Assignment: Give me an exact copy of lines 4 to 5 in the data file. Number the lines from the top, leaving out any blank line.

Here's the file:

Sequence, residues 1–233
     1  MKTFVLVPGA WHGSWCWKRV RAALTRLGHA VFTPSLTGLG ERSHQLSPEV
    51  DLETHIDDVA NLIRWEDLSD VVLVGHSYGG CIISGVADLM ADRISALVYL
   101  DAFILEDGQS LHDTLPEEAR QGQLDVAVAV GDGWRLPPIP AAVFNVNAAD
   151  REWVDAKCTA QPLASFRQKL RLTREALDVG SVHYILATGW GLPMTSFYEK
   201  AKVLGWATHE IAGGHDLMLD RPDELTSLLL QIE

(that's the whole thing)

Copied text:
   101  DAFILEDGQS LHDTLPEEAR QGQLDVAVAV GDGWRLPPIP AAVFNVNAAD
   151  REWVDAKCTA QPLASFRQKL RLTREALDVG SVHYILATGW GLPMTSFYEK